The mostly full campground is quiet. I can’t get over being amazed at how many people, some of them not even active outdoor recreationists, will go to such trouble to get out in the woods on a rainy weekend. I admit that this is a pretty nice spot, as campgrounds go. Though bordered on three sides by a 45-year-old red pine plantation, the campsites themselves are tucked into a maturing deciduous forest, each with just enough vegetation around it to lend an impression of privacy and intimacy. I think about how most of the time that people spend in public lands is devoted to doing fairly simple things: eating, sleeping, tending campfires, walking or driving around, looking at stuff.

By contrast, the official management philosophy of national forests stresses Multiple Use, with a strong bias toward economically productive activities. In the Allegheny, this includes primarily logging (especially of black cherry, a fast growing, first-succession species prized by the furniture industry) and oil and natural gas drilling. The Forest Service also favors high-impact, industrial recreation, especially on all-terrain vehicles (ATVs) and snowmobiles. Yet statewide surveys show that most outdoors-oriented people can’t stand the noise and (in the case of ATVs) the destruction caused by these machines, which represent exactly the sorts of things that the average forest “user” goes to the woods to try and escape. Surveys also show most people are against commercial timbering on public lands, even though its cessation is currently outside the bounds of acceptable political discourse.

I wonder, as I drink my coffee, whether it would be possible to start a movement to counter Multiple Use that would advocate “no use, just appreciation”? I guess the way to sell people on an alternative philosophy like that would be to emphasize the extent to which wild places should be above and beyond all considerations of utility and profit. Then I remember the unofficial slogan of the Rainbow Tribe, which a few years ago held its annual gathering just about a mile from this spot: “Welcome home,” they say. Imagine if that were written at the bottom of every National Forest sign, in lieu of “Land of Many Uses”!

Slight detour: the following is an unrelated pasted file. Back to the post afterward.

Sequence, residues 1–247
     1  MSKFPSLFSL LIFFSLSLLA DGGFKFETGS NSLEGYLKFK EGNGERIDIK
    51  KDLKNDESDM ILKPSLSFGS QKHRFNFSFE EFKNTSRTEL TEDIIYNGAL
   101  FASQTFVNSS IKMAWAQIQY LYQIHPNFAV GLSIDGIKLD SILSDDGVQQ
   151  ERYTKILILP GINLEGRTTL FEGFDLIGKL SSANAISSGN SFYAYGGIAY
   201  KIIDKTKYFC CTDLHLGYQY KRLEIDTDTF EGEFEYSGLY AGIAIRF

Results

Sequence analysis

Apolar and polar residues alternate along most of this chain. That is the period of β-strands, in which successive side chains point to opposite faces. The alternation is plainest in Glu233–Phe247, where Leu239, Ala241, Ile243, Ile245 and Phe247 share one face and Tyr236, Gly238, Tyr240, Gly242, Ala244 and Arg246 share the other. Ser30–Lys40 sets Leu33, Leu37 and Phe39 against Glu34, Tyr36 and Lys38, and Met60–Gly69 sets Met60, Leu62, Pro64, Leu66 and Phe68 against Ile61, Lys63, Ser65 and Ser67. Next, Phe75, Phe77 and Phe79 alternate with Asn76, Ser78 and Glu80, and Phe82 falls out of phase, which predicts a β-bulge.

But the forest is a very different kind of place for humans to come home to. When we try and impose our own aesthetic values, the results can be frightening. Leaving the campground for an early morning walk, I cut through the pine plantation and am able to walk in a perfectly straight line between rows of virtually identical trunks to reach the parking lot on the other side of the road. There is almost no ground cover, only a scattering of star flowers and a couple small patches of hayscented fern. From one patch a fawn leaps to its feet and clatters awkwardly away, visible for many hundreds of feet in this unnaturally uniform, Cartesian space.

I’m surprised to see a total of eight vehicles in the parking lot, which also serves a trailhead for the Hickory Creek Wilderness Area, the only area so designated in this national forest (except for a few, tiny islands in the Allegheny River). It’s a fairly unexceptional stretch of forest; the fact that so many people are backpacking through it on a rainy weekend testifies to the magic of the word “wilderness,” with its implicit promise of ultimate escape.

For me, however, the allure was the 120-acre old-growth remnant at Heart’s Content – and the more than 4,000 acres of old growth contained in the Tionesta Scenic and Research Natural Areas, where we planned to spend the rest of the day. We had botanized happily in Heart’s Content for several hours the previous afternoon; now I simply wanted to discover whether it’s possible to get lost in such a small tract of old growth. It is!

When I return to camp an hour later, refreshed by the rich sights, smells and sounds of a natural forest, I’ll be surprised to find I’ve been sapped of enthusiasm for theorizing about forest values – or much else. In fact, I’ll be uncharacteristically taciturn for much of the rest of the day. I realize I may be a little more impressionable than most people, but once disoriented, I find it difficult to re-orient, even after many hours of hiking and successful pathfinding in the Tionesta. A day later, back on my own front porch, things will still seem a little “off” to me; I’ll be struck by the oddness of the straight line of the driveway against the edge of the woods, for example.

I’ll still be puzzling over how, when I left the loop trail in Heart’s Content determined to “walk straight forward . . . in a chance direction,” I could’ve ended up back on the same section of trail I left – still inescapably “in the middle of a forest.”

But unlike Descartes, I am perfectly happy to be here. “Trees, trees, murmuring trees!” sings the black-throated green warbler. The long and endlessly supple call of the winter wren is a rare treat, and I could listen to the piping of the hermit thrush all day. So whence this nameless clutching in my chest, whence this hollow thudding, this clatter of hoofs?